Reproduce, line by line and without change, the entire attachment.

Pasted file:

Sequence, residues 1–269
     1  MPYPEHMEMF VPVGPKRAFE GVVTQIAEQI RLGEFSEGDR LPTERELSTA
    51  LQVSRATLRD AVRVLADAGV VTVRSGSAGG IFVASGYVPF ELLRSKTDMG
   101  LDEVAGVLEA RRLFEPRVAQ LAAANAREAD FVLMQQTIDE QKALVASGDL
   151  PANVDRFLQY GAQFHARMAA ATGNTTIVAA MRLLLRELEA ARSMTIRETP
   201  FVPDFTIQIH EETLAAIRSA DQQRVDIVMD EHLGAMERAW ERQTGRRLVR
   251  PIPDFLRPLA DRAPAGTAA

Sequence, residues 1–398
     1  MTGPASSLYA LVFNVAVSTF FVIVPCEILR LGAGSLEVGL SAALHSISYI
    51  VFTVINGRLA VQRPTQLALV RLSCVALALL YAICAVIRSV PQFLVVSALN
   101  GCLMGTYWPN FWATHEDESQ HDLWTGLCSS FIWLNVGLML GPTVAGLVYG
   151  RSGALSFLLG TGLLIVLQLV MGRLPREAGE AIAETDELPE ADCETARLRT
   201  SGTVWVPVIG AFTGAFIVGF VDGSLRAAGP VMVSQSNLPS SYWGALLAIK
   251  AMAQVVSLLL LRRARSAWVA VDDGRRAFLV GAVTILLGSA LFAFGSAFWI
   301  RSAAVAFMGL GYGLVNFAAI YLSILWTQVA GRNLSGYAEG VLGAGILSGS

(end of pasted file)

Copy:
Sequence, residues 1–269
     1  MPYPEHMEMF VPVGPKRAFE GVVTQIAEQI RLGEFSEGDR LPTERELSTA
    51  LQVSRATLRD AVRVLADAGV VTVRSGSAGG IFVASGYVPF ELLRSKTDMG
   101  LDEVAGVLEA RRLFEPRVAQ LAAANAREAD FVLMQQTIDE QKALVASGDL
   151  PANVDRFLQY GAQFHARMAA ATGNTTIVAA MRLLLRELEA ARSMTIRETP
   201  FVPDFTIQIH EETLAAIRSA DQQRVDIVMD EHLGAMERAW ERQTGRRLVR
   251  PIPDFLRPLA DRAPAGTAA

Sequence, residues 1–398
     1  MTGPASSLYA LVFNVAVSTF FVIVPCEILR LGAGSLEVGL SAALHSISYI
    51  VFTVINGRLA VQRPTQLALV RLSCVALALL YAICAVIRSV PQFLVVSALN
   101  GCLMGTYWPN FWATHEDESQ HDLWTGLCSS FIWLNVGLML GPTVAGLVYG
   151  RSGALSFLLG TGLLIVLQLV MGRLPREAGE AIAETDELPE ADCETARLRT
   201  SGTVWVPVIG AFTGAFIVGF VDGSLRAAGP VMVSQSNLPS SYWGALLAIK
   251  AMAQVVSLLL LRRARSAWVA VDDGRRAFLV GAVTILLGSA LFAFGSAFWI
   301  RSAAVAFMGL GYGLVNFAAI YLSILWTQVA GRNLSGYAEG VLGAGILSGS